A member might object to a decision to adopt a draft treaty where it believed that the outcome, despite intensive negotiations in which it had participated, would prejudice its national security. A member might object to a decision to adopt a mandate which specifically precluded a particular outcome thereby demonstrably compromising that member's national security ab initio - an unlikely situation given the sensitivity traditionally shown by CD presidents in tabling only those mandates that have been the subject of exhaustive consultations. But a member would not normally object to a decision to adopt, for example, a document setting out the parameters and timetable for the CD's annual session even if that member’s preferred position was not fully met.

The regional groups of the CD, whose consultations are not covered by the consensus rule but have nonetheless fallen prey to it, might weigh the desirability of moving away from lowest common denominator outcomes and developing a habit of reaching more nuanced ones. For example, a group position that reflected a "vastly prevailing" viewpoint but that noted a different, minority approach albeit one that was not being insisted upon, or on which, perhaps in face-saving terms, instructions were being sought ... an outcome, in other words, that respected a minority position but that wasn't stalled by it.

In any event, as noted before in this column, indefinite blocking of decisions in the pre-negotiating stage of the CD’s work on a given topic serves only to reinforce doubts about the viability of the Conference.  There may not be a consensus that the CD’s days are numbered but the recent writings on the wall of the UN General Assembly are surely salutary nonetheless.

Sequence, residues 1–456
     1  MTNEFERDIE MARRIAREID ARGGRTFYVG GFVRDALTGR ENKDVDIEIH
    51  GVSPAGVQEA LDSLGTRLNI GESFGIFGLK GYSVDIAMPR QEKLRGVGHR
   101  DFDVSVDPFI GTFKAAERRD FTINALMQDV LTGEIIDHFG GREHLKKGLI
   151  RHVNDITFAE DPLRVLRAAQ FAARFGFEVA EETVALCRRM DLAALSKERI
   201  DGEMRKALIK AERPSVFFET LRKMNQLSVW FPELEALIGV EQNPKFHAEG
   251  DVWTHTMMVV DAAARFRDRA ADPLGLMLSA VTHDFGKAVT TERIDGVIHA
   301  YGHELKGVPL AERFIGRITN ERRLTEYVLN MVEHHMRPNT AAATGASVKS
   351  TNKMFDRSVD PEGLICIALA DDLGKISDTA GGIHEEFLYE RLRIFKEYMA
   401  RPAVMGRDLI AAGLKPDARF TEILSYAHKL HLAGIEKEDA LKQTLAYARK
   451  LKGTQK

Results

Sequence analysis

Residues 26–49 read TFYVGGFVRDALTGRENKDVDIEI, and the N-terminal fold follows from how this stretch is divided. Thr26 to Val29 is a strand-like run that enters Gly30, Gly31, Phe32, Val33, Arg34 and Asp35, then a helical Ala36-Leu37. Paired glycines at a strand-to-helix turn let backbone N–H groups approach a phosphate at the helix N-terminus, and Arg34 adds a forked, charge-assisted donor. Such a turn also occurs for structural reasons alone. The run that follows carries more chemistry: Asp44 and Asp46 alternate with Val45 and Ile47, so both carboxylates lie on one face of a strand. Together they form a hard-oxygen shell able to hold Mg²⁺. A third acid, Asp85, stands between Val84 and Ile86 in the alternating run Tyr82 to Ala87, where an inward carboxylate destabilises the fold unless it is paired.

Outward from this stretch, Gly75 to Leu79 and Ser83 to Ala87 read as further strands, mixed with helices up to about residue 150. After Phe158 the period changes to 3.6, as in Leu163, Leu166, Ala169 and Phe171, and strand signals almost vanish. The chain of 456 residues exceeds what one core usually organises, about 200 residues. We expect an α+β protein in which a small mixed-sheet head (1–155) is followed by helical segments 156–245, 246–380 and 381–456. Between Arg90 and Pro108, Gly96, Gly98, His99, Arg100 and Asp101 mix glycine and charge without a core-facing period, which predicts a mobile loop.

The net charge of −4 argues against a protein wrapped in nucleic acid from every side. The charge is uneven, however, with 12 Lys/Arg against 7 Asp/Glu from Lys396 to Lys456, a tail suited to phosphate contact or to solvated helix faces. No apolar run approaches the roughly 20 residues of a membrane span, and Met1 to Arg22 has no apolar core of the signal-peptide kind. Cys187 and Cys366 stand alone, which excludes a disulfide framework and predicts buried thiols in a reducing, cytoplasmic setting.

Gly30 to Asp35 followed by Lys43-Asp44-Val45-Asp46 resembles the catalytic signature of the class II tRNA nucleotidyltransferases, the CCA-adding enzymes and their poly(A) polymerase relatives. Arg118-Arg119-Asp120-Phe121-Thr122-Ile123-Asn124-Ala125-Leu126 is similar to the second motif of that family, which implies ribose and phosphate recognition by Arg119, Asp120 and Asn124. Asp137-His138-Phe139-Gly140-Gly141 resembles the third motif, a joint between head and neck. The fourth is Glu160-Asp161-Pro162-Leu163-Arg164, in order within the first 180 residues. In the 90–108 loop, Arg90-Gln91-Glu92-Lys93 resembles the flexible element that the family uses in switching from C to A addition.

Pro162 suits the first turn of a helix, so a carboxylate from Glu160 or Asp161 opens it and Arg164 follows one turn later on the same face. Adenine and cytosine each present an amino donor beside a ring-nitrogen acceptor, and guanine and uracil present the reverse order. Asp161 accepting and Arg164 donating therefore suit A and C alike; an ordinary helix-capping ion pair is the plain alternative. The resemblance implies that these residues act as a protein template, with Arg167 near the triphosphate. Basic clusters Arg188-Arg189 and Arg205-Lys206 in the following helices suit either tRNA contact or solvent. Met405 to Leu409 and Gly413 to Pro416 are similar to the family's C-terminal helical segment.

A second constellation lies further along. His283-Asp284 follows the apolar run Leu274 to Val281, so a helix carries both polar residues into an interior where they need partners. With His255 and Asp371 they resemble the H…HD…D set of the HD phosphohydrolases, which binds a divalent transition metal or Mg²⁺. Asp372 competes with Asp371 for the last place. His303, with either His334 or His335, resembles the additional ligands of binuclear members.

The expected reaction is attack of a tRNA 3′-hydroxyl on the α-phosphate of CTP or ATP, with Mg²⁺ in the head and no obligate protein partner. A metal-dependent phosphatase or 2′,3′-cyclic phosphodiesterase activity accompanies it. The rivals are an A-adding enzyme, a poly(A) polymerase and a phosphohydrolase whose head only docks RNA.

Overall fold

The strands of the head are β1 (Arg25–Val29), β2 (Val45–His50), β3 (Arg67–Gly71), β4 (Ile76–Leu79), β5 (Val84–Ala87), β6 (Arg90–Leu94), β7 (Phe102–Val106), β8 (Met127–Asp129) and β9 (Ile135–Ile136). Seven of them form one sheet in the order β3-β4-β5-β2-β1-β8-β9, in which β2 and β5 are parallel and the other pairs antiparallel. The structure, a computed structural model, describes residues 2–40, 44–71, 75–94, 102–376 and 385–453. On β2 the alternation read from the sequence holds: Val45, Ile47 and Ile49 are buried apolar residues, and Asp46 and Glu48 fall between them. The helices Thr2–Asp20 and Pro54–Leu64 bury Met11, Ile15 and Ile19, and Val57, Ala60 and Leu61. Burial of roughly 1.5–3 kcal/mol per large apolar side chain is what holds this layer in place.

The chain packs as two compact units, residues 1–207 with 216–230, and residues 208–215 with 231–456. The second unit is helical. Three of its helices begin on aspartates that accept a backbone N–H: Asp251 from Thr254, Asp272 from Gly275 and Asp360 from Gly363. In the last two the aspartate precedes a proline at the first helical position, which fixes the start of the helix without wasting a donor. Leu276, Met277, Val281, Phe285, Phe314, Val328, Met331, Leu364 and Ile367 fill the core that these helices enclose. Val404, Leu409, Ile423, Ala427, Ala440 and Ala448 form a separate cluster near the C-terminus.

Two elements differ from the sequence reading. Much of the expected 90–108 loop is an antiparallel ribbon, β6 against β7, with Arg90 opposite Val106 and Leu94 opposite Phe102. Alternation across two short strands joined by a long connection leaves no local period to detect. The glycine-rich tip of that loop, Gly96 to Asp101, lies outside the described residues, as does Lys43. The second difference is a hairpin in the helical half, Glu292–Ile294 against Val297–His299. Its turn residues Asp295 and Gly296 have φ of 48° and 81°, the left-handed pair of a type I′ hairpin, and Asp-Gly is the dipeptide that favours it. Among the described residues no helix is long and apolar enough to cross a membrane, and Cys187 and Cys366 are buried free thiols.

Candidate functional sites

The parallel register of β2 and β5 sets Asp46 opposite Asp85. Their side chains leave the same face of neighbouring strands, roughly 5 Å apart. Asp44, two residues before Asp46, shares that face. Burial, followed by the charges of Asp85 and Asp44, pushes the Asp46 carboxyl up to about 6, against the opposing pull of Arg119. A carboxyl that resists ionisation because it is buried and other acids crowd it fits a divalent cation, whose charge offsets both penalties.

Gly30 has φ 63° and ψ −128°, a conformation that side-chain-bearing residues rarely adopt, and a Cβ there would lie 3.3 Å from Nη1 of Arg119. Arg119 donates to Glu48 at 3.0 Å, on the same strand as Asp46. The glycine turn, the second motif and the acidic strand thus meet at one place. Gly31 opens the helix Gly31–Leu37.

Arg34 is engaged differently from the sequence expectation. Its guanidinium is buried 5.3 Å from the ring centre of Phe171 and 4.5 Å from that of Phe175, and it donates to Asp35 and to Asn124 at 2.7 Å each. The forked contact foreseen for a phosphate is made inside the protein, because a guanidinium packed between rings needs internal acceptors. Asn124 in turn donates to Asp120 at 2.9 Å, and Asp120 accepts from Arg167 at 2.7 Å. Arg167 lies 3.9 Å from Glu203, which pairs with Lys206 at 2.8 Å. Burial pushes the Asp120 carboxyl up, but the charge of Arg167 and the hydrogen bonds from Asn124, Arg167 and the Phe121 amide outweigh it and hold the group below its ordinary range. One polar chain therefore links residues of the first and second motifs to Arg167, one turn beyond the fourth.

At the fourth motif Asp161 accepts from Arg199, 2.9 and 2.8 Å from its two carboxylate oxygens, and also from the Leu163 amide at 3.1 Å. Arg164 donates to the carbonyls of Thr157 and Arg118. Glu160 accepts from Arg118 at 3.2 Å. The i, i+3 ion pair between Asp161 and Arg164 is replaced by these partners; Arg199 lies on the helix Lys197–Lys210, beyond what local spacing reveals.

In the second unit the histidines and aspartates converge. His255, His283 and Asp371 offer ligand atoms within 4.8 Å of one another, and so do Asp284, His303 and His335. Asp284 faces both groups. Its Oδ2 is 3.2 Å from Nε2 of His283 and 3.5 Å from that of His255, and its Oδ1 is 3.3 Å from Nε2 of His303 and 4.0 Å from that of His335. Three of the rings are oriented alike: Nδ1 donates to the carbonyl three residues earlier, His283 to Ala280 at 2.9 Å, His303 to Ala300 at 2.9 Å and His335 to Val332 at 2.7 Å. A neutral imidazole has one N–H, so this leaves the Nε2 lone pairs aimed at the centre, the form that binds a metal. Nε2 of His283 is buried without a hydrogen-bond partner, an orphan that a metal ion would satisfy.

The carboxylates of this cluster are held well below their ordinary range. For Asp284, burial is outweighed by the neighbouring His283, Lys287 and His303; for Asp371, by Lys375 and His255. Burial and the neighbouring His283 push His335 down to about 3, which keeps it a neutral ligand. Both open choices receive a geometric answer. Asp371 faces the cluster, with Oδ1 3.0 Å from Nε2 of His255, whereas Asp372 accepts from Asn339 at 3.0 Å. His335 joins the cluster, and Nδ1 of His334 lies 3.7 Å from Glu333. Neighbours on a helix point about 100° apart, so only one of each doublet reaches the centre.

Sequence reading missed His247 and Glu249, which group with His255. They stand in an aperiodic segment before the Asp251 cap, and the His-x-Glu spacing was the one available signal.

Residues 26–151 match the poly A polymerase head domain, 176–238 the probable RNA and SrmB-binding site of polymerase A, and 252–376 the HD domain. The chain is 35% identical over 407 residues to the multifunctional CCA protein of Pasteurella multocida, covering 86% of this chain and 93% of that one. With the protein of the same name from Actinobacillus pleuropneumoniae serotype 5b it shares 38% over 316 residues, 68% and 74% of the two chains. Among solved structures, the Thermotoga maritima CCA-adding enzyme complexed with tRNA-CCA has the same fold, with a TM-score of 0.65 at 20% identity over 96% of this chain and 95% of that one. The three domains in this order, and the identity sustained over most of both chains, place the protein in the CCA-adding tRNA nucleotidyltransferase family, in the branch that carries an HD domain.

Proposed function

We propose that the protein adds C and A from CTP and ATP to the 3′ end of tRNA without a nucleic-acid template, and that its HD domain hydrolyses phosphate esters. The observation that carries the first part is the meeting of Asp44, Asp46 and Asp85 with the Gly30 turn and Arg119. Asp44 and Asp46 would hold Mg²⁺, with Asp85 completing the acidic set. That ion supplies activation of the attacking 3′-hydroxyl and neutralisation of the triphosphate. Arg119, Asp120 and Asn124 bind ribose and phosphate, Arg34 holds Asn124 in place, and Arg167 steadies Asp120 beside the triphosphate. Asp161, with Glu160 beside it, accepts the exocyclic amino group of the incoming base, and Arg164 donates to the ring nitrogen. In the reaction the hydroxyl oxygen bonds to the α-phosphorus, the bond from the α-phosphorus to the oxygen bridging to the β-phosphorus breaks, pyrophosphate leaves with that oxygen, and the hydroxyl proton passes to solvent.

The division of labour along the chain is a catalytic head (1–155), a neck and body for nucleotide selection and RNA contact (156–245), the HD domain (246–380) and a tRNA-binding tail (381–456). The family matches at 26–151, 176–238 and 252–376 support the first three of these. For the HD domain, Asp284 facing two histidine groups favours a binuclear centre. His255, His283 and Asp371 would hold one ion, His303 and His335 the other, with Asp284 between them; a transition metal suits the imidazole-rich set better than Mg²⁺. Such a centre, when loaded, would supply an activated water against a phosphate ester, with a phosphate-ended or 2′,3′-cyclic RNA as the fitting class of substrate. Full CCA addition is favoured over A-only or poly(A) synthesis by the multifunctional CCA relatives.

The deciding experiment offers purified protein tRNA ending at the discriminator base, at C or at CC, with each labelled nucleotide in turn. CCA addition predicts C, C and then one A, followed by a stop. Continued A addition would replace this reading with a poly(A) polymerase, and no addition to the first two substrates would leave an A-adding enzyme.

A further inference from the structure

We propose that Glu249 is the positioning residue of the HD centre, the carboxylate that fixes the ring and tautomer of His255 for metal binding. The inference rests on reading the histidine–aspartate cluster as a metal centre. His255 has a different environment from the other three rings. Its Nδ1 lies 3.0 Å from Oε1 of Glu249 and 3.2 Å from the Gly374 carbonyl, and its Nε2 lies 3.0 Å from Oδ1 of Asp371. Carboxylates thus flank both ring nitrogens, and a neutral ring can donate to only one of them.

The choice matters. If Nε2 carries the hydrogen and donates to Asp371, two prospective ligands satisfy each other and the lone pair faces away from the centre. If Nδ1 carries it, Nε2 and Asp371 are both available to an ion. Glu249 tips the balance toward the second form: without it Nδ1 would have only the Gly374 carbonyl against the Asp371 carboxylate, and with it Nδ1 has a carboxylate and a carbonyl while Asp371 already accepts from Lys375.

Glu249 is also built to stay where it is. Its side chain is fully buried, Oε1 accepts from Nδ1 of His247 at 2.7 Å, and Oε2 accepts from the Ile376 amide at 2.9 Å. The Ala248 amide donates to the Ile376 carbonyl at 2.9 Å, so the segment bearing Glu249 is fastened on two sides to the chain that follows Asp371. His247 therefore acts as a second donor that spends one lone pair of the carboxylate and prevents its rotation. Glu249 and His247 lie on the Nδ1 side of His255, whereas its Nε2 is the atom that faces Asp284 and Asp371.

As Ray Acheson wrote in the final edition for 2012 of Reaching Critical Will’s excellent First Committee Monitor, “The important message coming from the majority of member states and civil society at this year’s First Committee is that a handful of countries must no longer be allowed to hold back the rest of the international community in tackling some of the most dramatic problems of our age.  Stalemates and watered-down outcomes must urgently be replaced by alternatives that can proudly be deemed “successful” for genuine human security and social and economic justice.  Governments and civil society alike should not settle for less.”

Posted by Tim Caughley, Resident Senior Fellow, UNIDIR, Geneva
Photographed is one of the Palais des Nations' beehives offered to the United Nations Office at Geneva by Switzerland on the occasion the 10th anniversary of Switzerland's membership of the UN.